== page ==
Following training as an analyst and teaching, CEO and founder of Hamlett Films, Sian Hamlett discovered her passion for storytelling, filmmaking and finding out what makes people tick. Committed to the belief that education brings about change, Sian founded the multi award-winning Hamlett Films sixteen years ago.
What has the effect of 2020 and Covid been on you and Hamlett Films? How do you think it might alter the industry?
We’ve had to adapt as a team and we have found new agile technologies to consolidate communication using Trello, Kanban and Frame io. This has proved a really positive way to take projects through the production process. Then new approaches such as filming and editing remotely have worked very efficiently. For the future, I think we will have a mixed approach. Some of the time we will embrace coming into the office and for the rest of the time, people will value working from home which benefits certain activities.
What actually brought you to film making and how did Hamlett Films come about?
My mother was an inspirational storyteller. And I’m very inquisitive, or maybe just nosey! I have a real interest in people, their perspectives on the world and how those perspectives affect their decisions and actions in society and why. I believe education can be a real driver for change and progression in the world. Online learning can provide such brilliant opportunities to improve accessibility for many. I firmly believe that when all people have access to training it leads to a progressive society.
What has been your biggest success and challenge so far as a CEO?
Delivering ambitious work has led to the growth of the company. It’s very gratifying to have received recognition by winning industry awards for our clients.
Having a top team with a strong spread of skills is the way to achieve this. The challenges are running multiple projects and always innovating within educational filmmaking, keeping fresh and ahead of the game.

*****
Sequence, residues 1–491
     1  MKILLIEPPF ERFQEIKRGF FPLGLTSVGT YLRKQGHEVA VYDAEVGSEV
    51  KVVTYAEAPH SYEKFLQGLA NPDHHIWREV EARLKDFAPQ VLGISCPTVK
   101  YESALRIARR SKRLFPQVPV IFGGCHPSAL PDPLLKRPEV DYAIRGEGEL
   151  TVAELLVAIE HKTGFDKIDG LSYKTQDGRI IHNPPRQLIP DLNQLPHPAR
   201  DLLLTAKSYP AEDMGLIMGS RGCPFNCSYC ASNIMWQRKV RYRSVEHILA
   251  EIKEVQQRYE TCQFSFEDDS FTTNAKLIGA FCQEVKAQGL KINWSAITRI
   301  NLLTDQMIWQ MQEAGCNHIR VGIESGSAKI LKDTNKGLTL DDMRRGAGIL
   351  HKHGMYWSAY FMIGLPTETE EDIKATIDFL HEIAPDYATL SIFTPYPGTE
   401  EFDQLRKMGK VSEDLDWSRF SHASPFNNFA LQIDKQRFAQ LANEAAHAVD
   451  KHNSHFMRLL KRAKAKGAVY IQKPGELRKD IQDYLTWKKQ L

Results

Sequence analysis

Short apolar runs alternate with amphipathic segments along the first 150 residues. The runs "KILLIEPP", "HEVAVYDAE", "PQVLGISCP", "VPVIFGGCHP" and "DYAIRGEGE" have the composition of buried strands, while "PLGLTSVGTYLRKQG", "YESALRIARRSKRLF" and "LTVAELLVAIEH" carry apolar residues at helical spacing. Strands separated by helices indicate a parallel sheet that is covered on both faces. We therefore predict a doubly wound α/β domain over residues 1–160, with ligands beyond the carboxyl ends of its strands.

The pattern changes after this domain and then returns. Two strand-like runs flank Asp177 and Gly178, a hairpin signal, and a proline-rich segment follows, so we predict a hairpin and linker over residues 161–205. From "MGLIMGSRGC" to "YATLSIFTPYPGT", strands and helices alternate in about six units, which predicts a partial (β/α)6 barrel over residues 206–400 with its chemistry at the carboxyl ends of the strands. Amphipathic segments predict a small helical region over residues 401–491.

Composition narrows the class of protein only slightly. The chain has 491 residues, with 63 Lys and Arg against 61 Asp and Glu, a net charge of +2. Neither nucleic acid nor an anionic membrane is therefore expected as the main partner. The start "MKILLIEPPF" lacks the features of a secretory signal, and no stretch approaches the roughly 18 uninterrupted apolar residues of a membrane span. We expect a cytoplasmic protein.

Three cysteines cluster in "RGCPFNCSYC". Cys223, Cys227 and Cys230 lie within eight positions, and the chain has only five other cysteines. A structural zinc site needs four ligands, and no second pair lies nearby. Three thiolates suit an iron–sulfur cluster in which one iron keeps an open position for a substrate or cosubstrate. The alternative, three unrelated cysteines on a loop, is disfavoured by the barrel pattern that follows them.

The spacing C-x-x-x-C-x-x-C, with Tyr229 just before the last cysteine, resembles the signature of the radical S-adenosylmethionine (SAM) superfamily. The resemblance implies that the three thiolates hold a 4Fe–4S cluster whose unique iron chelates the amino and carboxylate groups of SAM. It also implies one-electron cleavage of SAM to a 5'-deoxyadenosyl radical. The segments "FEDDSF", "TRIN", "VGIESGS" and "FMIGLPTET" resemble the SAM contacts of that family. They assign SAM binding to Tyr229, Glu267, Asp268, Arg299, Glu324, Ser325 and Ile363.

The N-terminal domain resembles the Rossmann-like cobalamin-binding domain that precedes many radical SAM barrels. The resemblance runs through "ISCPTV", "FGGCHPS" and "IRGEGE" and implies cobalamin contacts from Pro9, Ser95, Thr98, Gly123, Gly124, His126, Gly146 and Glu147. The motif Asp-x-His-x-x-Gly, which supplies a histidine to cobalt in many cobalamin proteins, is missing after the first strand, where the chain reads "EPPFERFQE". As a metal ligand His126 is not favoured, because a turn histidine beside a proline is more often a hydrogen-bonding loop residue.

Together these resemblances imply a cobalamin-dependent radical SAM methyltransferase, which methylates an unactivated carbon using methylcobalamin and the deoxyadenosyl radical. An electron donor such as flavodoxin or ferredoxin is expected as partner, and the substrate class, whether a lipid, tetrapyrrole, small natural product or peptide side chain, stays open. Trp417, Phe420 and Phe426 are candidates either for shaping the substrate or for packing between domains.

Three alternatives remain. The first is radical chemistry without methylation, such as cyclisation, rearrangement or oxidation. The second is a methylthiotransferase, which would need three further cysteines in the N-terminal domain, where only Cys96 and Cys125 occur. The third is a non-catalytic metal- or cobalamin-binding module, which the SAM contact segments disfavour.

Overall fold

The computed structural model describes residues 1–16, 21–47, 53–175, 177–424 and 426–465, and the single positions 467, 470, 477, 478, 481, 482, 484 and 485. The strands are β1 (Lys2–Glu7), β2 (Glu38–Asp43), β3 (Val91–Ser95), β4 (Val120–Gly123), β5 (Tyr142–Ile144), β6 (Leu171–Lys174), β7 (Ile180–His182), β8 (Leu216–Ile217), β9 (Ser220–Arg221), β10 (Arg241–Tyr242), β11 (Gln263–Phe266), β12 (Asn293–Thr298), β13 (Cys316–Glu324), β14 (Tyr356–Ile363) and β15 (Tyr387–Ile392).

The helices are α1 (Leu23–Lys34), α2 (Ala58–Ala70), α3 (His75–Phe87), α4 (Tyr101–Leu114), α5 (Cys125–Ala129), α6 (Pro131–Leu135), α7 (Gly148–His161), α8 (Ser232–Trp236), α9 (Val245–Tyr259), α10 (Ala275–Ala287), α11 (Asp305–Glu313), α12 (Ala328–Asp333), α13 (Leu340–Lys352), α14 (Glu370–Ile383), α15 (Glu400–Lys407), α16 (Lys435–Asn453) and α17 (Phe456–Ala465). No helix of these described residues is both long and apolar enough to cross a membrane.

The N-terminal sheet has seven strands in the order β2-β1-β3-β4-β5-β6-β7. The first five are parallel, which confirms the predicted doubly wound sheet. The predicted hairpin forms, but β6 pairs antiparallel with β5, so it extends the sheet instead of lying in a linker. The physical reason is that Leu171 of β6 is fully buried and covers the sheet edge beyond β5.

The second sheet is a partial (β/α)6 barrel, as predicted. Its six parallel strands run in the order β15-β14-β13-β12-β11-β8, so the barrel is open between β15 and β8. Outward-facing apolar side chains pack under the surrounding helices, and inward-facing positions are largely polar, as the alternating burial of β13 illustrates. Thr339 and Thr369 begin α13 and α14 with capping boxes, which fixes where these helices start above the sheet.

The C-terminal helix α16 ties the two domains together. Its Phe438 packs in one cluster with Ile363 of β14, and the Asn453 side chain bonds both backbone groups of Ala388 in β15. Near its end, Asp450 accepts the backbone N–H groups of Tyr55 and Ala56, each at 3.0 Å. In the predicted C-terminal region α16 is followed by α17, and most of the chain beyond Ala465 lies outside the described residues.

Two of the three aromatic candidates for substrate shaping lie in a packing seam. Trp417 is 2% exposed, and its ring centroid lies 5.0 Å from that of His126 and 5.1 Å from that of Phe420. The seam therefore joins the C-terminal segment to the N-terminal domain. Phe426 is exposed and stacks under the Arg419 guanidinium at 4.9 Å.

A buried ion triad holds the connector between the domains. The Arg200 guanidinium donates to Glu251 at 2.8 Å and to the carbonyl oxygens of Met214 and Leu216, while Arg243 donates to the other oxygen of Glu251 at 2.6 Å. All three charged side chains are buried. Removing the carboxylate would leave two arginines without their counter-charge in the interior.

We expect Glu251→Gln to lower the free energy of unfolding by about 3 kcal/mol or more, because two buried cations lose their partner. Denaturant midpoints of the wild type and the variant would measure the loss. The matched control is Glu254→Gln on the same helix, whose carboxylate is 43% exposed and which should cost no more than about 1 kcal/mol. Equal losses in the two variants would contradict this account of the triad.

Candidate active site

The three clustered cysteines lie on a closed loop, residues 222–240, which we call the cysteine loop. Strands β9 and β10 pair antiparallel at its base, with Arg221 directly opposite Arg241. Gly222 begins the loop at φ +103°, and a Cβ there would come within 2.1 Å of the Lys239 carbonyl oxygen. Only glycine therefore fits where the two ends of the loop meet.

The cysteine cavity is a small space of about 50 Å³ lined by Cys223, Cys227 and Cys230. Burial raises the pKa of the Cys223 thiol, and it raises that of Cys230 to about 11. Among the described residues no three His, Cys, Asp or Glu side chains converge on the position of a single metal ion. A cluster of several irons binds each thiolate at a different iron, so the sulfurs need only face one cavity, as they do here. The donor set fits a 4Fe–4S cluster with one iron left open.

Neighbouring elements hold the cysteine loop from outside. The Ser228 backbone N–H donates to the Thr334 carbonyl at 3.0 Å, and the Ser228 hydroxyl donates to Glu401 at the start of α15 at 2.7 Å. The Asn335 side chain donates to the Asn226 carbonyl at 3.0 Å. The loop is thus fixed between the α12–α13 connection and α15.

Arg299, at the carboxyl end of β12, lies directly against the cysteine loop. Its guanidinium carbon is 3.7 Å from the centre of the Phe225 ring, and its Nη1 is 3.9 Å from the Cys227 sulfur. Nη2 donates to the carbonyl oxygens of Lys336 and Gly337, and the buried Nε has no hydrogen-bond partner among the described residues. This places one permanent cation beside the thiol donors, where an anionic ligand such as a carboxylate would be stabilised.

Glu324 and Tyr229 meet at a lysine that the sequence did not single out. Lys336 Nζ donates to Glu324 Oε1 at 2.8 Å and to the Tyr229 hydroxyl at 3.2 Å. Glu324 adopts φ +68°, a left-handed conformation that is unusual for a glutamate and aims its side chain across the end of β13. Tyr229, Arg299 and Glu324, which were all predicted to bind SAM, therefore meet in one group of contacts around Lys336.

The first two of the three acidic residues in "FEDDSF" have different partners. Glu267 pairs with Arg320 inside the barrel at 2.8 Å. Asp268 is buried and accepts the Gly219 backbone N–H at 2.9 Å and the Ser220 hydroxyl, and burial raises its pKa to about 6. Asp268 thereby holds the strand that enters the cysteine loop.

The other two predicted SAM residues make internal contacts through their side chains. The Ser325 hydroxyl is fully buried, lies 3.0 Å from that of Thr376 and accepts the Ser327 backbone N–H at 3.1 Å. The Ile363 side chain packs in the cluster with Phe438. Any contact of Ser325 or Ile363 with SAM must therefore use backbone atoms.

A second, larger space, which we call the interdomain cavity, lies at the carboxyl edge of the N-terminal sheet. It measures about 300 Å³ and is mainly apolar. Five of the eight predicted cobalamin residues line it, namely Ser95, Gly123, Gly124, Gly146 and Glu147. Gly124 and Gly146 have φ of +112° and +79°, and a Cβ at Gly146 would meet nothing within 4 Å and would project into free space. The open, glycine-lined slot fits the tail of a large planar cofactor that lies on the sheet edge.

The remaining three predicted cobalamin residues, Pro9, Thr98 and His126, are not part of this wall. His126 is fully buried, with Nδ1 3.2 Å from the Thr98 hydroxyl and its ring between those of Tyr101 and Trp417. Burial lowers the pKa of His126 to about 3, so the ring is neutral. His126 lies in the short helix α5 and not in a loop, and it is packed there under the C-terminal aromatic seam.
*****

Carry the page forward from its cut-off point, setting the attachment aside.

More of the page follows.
How do you see the company changing in 2 years and how do you see yourself and the team creating that change?
We will continue to reach a wider range of specialist audiences. We will also pursue a particular interest in training films, as well as exciting opportunities in the children’s sector. We are further exploring bringing our films to a more mainstream audience and communicating specialist subject matter in accessible ways across broadcast opportunities.
What are the key elements for great educational film content these days?
Close collaboration with commissioners, writers and academics is key and leads to the production of highly effective educational content. Education films must bring to life the learning materials and be suitable for the learner at each stage of their learning journey and offer challenging perspectives. Never underestimate what your audience can deal with – contentious and difficult subject matter can be explored, you just have to explore it in the right way. A good example is our recent BBC Bitesize GCSE Drama films. Issues such as racism and FGM are tackled in crackling new play texts within the films.
What other figure in the industry do you tend to look up to?
I continue to be inspired by production companies and agencies working across the educational and training sectors. Some terrific work is being made about sustainability, social welfare and diversity by the likes of Media Zoo, The Edge Picture company and Plastic Pictures. My peers in the sector are a continued source of inspiration.
What determines cultural fit when you’re hiring for your company?
The members of the team don’t usually come from traditional routes into the industry and have worked in other related areas such as academia, documentaries, advertising, journalism and features. I find this hugely exciting as our diverse backgrounds lead to the creation of exciting and unique films.
What unites everyone though is a passion for education and storytelling as a way to do this bring about change as well as understanding the importance of close client collaboration.
Give us a few words that would describe you the best
Creative thinker – whatever the situation or challenge.
If you had known you would become an entrepreneur quite early on, what would you have told your 18 years-old self?
Don’t worry about knowing what you want to do – just try all things that appeal. It’s okay to follow different routes – those experiences will all make what you do finally much richer. Take more risks, ask more questions. Don’t worry if you don’t fit in any of the pigeon holes people want to place you in. It’s okay to be different – embrace it!